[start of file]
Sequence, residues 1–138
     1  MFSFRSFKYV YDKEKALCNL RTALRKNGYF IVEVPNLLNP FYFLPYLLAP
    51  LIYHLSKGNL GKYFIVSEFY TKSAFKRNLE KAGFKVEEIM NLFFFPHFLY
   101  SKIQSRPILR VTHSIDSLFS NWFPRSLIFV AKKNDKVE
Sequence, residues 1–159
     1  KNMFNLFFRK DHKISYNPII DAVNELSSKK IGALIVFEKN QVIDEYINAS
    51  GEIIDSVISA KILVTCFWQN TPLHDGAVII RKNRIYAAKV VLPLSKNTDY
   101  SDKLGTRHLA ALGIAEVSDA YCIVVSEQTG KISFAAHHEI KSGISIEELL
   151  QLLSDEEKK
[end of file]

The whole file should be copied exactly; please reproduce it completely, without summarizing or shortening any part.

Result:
Sequence, residues 1–138
     1  MFSFRSFKYV YDKEKALCNL RTALRKNGYF IVEVPNLLNP FYFLPYLLAP
    51  LIYHLSKGNL GKYFIVSEFY TKSAFKRNLE KAGFKVEEIM NLFFFPHFLY
   101  SKIQSRPILR VTHSIDSLFS NWFPRSLIFV AKKNDKVE
Sequence, residues 1–159
     1  KNMFNLFFRK DHKISYNPII DAVNELSSKK IGALIVFEKN QVIDEYINAS
    51  GEIIDSVISA KILVTCFWQN TPLHDGAVII RKNRIYAAKV VLPLSKNTDY
   101  SDKLGTRHLA ALGIAEVSDA YCIVVSEQTG KISFAAHHEI KSGISIEELL
   151  QLLSDEEKK